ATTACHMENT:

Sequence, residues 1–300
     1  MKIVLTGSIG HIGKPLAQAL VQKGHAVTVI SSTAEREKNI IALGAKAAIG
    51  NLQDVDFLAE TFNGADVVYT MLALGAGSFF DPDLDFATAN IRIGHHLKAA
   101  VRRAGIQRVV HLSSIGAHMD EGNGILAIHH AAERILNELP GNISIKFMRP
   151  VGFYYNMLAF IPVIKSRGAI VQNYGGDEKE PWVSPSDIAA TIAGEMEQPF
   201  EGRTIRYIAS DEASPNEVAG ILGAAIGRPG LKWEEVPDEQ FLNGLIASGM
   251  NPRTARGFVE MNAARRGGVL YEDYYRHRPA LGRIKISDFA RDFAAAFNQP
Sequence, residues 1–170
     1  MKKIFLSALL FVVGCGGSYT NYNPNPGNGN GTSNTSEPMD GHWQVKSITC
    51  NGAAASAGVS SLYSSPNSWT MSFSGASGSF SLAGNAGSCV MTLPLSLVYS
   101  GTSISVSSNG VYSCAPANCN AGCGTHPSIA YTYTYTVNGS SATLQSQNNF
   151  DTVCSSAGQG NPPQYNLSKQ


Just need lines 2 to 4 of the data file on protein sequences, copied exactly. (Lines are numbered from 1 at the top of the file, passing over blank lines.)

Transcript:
     1  MKIVLTGSIG HIGKPLAQAL VQKGHAVTVI SSTAEREKNI IALGAKAAIG
    51  NLQDVDFLAE TFNGADVVYT MLALGAGSFF DPDLDFATAN IRIGHHLKAA
   101  VRRAGIQRVV HLSSIGAHMD EGNGILAIHH AAERILNELP GNISIKFMRP